* Looking ahead to 2012, Taiwan government has made a rather optimistic forecast of the gross domestic product (GDP) to grow 4.3 percent. But many private research institutions have put up growth projections ranging from 3.3 to 3.7 percent next year.
* On the other hand, some expect Taiwan’s economy to turn around in March 2012, but there is limited evidence to support such an assertion since outlook for the European and US markets remain uncertain.
* Depending on a number of internal and external factors, particularly the results of the January elections and developments in cross-Strait relations, it remains possible for Taiwan’s GDP to meet, or possibly exceed, government expectation.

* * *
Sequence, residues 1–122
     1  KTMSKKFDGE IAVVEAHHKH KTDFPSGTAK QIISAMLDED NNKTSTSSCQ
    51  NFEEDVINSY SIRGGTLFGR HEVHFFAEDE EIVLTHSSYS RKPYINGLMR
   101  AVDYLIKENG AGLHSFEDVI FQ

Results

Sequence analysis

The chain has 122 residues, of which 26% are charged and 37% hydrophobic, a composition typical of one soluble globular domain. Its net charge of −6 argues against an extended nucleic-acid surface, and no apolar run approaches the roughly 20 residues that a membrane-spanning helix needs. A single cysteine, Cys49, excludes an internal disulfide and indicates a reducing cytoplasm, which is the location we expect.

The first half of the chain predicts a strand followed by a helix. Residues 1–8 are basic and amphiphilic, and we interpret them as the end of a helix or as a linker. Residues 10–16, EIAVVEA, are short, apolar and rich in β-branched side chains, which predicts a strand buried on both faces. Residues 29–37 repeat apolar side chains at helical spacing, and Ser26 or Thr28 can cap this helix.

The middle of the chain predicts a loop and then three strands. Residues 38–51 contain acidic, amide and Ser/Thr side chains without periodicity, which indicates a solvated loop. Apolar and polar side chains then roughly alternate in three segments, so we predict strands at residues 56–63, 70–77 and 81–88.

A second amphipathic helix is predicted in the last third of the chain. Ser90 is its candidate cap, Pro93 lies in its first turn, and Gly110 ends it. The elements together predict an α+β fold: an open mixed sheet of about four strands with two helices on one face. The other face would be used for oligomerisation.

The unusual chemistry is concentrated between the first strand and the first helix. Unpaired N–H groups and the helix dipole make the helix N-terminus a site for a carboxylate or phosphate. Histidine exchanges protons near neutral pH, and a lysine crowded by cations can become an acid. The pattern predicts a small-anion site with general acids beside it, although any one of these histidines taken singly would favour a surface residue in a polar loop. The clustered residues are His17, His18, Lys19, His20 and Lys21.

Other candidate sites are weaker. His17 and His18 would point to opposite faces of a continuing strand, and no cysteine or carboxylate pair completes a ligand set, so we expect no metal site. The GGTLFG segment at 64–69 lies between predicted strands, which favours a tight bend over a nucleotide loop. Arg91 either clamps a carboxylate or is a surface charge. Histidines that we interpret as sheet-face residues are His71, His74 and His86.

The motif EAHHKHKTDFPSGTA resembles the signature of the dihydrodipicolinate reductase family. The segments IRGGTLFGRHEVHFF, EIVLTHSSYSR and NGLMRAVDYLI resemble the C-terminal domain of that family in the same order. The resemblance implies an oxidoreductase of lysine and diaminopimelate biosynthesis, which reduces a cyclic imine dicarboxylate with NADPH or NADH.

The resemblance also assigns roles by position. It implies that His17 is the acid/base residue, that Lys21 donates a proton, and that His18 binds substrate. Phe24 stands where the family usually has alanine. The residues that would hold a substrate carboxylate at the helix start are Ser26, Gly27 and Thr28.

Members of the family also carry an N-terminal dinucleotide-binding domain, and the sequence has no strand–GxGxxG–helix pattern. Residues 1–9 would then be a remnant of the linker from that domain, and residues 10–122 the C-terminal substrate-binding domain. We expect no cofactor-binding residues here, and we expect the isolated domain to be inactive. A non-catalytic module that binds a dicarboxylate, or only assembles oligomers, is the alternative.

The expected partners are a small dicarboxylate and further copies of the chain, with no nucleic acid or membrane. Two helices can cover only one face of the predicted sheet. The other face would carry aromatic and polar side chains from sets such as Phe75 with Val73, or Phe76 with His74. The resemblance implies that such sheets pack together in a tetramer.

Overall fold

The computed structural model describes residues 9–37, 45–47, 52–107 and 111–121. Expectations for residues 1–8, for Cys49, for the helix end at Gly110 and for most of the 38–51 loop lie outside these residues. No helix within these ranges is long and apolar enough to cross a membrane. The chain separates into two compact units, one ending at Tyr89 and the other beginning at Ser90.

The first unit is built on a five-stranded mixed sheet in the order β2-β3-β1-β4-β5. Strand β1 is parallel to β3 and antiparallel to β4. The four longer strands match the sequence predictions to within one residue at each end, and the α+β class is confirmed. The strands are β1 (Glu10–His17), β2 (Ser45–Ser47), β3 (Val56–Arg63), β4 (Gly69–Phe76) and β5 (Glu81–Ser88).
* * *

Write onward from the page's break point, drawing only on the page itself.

* However, based on the fact that leading economic indicators, released by the Council for Economic Planning and Development (CEPD), have been declining for six months in a row, the government agency has downgraded the economy to a yellow-blue light, which represents sluggishness for three consecutive months.
* At the same time, with consumption expected to grow 3.5 percent and private investment at 5 percent next year, domestic demand will contribute 55 percent to next year's GDP and exports only 45 percent. As such, the likelihood for Taiwan’s Central Bank to lower rates during its upcoming board meeting at the end of December remains high.
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